But there are some superb wide and fast red and blue runs. You can also practice your freestyle in the excellent snowpark.
Les Houches Ski Resort
Les Houches is on the southwest side of the Chamonix valley. Les Houches is an ideal place to go if you’re in a group with mixed abilities. You’ll find the easier runs higher up the mountain, but the steeper and faster runs take you back to the village below.
Les Houches is also a great option on bad weather days. The tree-lined runs give you more contrast when you can’t distinguish between the snow and the sky.
Chamonix Snowboarding and Skiing Off-Piste
Chamonix Skiing Conditions
Even with five ski resorts nestled in the Valley, most Chamonix skiing and snowboarding is off-piste. So if you’ve got the skills and experience to tackle this daunting landscape and visit when the conditions are reasonable, you have to head off-piste.
However, this terrain is deadly, so you must be fully prepared with a transceiver, probe, and shovel and know how to use them.
⛷ Expert Tip: If you’re used to skiing and snowboarding in the United States, you need to know that the rules about going into the backcountry in Europe are more relaxed.
You can go anywhere, but the Chamonix off-piste terrain won’t be patrolled, and it may not have been blasted for avalanche control. You literally take your life into your own hands.
Therefore it’s best to hire a guide. The local guides are incredibly knowledgeable, take you to the best places, and keep you out of trouble.
Chamonix Glacier Skiing: Vallée Blanche Route
If you’ve never been to Chamonix, your guide will probably take you on the classic Vallée Blanche route. This is an off-piste route with a few variations and is an incredible experience. On a good day, you can expect deep powder and some of the most spectacular views and terrain you’ll ever encounter.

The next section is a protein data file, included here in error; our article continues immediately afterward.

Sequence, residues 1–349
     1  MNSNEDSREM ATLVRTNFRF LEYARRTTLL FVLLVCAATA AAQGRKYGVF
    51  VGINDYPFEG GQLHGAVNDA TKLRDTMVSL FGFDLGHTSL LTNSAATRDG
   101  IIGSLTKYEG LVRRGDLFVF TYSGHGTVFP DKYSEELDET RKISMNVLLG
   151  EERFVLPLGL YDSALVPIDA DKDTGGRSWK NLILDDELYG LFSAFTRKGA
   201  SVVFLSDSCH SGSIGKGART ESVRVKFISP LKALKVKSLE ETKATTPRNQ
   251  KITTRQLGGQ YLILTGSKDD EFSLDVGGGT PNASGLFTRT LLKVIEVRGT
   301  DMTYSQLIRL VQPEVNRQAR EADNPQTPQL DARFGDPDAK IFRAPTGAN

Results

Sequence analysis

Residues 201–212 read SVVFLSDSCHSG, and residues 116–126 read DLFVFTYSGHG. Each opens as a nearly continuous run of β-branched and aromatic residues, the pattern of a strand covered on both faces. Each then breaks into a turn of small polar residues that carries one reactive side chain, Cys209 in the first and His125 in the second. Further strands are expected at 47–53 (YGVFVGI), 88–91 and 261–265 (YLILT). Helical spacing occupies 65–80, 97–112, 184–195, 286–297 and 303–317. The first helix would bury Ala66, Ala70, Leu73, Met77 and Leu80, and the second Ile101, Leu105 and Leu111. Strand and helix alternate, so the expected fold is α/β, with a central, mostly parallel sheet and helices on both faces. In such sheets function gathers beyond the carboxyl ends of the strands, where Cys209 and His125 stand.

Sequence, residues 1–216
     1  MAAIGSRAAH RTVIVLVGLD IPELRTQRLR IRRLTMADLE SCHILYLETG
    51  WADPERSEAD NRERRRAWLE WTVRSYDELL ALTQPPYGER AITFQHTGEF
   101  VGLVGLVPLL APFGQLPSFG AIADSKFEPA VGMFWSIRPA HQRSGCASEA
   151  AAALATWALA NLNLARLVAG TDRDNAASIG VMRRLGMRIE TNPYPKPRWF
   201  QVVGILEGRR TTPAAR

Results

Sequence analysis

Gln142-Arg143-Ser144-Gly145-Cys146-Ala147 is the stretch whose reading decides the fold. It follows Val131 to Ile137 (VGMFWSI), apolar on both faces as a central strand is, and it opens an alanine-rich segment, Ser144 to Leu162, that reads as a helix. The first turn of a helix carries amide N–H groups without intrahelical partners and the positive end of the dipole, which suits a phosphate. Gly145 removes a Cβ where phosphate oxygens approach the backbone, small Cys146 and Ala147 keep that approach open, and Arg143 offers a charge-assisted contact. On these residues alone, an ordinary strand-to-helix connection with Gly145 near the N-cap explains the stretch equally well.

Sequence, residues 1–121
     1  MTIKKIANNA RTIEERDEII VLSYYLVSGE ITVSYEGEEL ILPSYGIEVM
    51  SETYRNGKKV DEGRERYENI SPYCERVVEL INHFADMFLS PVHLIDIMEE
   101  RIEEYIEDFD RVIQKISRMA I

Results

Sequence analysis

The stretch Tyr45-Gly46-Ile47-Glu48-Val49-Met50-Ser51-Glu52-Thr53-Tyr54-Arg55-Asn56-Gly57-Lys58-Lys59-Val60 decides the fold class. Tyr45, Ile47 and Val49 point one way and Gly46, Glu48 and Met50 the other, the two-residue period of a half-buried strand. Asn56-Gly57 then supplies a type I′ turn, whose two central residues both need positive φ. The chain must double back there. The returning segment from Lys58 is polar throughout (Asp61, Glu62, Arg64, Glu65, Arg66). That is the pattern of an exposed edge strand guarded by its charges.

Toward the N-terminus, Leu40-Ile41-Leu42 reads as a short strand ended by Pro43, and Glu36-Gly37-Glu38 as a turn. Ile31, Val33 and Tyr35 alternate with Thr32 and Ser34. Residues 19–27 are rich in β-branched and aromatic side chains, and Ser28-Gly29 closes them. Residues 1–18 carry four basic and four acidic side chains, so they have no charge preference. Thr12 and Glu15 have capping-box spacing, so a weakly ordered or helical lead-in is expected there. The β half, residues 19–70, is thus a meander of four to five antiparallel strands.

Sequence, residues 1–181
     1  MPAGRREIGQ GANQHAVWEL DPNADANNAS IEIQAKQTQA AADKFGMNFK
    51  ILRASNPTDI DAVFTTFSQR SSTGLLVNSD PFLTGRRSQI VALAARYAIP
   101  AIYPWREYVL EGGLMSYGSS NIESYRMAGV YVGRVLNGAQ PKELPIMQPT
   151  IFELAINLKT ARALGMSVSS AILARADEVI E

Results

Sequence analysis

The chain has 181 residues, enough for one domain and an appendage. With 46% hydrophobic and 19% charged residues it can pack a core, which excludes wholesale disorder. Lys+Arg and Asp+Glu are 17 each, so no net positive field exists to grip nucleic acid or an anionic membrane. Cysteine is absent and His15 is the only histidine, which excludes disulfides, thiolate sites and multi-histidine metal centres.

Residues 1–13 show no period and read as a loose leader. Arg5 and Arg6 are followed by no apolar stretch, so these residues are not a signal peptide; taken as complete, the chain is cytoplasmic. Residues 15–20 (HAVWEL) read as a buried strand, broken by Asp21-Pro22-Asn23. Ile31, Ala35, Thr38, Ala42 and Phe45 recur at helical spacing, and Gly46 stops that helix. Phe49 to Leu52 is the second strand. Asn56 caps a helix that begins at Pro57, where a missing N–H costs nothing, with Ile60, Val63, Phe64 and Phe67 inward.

You take the Aguille du Midi cable car to Chamonix’s highest point and then ski down to the Mer de Glace. This is the iconic glacier surrounded by imposing mountains and littered with crevasses. The descent takes you through stunning blue ice flows as you carve through the fresh powder.
When you reach the bottom of the glacier, you have two options, depending on the snow conditions. If you’re lucky, you may be able to take the track back to the town, which is lots of fun and significantly extends your run home.
First, however, you need to hike up to the trail from the glacier, which is stunning but bitter-sweet. As you ascend the steps, you can see dated signs on the steps indicating the ice level in particular years; it’s frightening.
If you can’t take the track, you can take the iconic Montenvers Cog Railway. This attractive red train takes you down to Chamonix and gives you some of the best views of the French Alps.